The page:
I had COMPLETELY misjudged the occasion.  Unlike other meetings, this was a formal elite gathering in a remote trust office with executive directors and heads of departments all in suits.    They looked aghast at the midwife in denim carrying her cake tin and a dangerous knife.  The Senior Midwife cast a glance that spoke a thousand words - I was a typical midwife, representing the profession badly again, reinforcing the sterotype of a lentil eating do-gooder wearing inappropriate comfortable shoes and clothes.

The meeting began.  I hid the cake tin under the table and tried to regain some sense of equlibrium, resisting the urge to run away and attempting to find some credible insights to disarm their first impressions of me.  However, we were soon swimming in treacle again.  Stalemate.  Getting nowhere.  Our scheduled meeting time was nearly over.  Sarah looked close to tears with frustration.

I took a deep breath and said 'Would anyone like some cake?'  Another disapproving glance from The Senior Midwife.  Oh well, I thought - in for a penny, in for a pound.  'It's lemon drizzle and one of my favourites'.  Frank - the suit from estates - was the first to say yes please.  Then the blonde with kitten heels.  Then they all couldn't get a piece quick enough.

'Look', said someone, enobled by a lemony sugar-rush.  'Let's make this happen'.  10 minutes of brainstorming and bullet pointing was all it took. Afterwards Gill and I took Sarah to lunch, gave her tissues and more cake and  encouraged her to be strong, to 'hold the faith'.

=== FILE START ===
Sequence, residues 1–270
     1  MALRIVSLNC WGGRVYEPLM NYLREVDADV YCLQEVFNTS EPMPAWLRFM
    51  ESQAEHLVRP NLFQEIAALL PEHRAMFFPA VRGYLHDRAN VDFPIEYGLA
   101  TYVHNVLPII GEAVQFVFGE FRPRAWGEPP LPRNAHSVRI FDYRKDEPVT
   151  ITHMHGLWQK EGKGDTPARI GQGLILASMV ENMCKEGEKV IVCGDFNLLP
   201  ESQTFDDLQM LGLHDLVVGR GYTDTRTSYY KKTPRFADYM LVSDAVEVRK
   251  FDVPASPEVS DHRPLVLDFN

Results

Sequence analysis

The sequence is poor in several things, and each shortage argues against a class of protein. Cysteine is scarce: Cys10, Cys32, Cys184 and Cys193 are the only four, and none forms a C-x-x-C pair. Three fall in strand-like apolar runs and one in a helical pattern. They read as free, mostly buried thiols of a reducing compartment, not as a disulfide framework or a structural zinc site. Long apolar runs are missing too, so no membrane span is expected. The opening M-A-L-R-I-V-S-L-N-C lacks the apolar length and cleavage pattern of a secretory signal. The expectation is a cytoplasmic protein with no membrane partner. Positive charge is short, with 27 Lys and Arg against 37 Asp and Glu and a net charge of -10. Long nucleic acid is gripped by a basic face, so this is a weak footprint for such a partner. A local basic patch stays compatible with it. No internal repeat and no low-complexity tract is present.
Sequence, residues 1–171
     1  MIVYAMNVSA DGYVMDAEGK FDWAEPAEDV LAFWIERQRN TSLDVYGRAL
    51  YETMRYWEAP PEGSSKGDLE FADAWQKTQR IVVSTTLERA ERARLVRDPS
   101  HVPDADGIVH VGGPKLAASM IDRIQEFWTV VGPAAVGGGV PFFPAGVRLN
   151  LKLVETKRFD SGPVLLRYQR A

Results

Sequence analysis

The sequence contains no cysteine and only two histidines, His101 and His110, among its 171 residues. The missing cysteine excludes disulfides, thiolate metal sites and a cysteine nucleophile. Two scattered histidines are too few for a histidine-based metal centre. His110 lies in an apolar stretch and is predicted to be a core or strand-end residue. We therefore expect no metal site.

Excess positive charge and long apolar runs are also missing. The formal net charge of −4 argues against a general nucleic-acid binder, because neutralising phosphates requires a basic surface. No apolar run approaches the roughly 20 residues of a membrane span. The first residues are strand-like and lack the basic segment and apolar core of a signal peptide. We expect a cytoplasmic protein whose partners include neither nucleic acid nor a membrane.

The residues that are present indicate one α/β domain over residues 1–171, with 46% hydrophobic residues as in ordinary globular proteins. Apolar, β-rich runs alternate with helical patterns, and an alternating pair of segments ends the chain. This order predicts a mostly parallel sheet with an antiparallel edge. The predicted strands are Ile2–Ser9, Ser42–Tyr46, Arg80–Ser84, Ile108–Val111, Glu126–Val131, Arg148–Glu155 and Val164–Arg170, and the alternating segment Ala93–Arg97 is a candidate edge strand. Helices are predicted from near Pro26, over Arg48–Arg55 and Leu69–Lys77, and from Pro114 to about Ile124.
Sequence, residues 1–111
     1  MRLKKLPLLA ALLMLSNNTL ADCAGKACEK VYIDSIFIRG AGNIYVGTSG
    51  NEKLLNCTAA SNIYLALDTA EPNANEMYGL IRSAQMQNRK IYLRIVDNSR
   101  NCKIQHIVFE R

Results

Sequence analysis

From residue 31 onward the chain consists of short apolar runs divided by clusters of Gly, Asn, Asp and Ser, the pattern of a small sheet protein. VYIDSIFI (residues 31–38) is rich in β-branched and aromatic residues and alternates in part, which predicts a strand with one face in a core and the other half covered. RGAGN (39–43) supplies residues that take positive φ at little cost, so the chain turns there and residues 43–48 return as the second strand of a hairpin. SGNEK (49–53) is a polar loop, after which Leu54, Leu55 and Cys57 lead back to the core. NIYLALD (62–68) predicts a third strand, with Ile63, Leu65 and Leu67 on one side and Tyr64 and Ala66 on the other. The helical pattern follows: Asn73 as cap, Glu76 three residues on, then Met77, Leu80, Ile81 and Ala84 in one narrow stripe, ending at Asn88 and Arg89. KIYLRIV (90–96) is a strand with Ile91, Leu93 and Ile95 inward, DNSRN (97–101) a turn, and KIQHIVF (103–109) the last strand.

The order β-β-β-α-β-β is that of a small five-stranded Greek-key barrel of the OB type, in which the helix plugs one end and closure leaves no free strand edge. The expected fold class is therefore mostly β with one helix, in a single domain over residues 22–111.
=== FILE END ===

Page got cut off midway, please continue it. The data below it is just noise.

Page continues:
Next week, our brand new purpose-built free-standing midwife-led birth centre opens to the Public.  It is everything we have dreamed of.  Sarah remains convinced it was the lemon drizzle cake that made it happen.

In case you have the chance to change your world through the power of cake, here is the recipe:

Mary Berry's Lemon Drizzle Traybake
Preheat the oven to 160c.  Grease and line a traybake tin.

Mix together for 2 mins with electric mixer:

225g softened butter or margerine
225g caster sugar
4 eggs
Zest of 2 lemons
275g self-raising flour
4 tbsp milk

Bake for 45 mins, or until a skewer comes out clean. 

Whilst the cake is baking, prepare the drizzle mix:

175g granulated sugar
Juice of 2 lemons

Leave to cool in the tin for 10 mins then pour over the drizzle mixture whilst warm.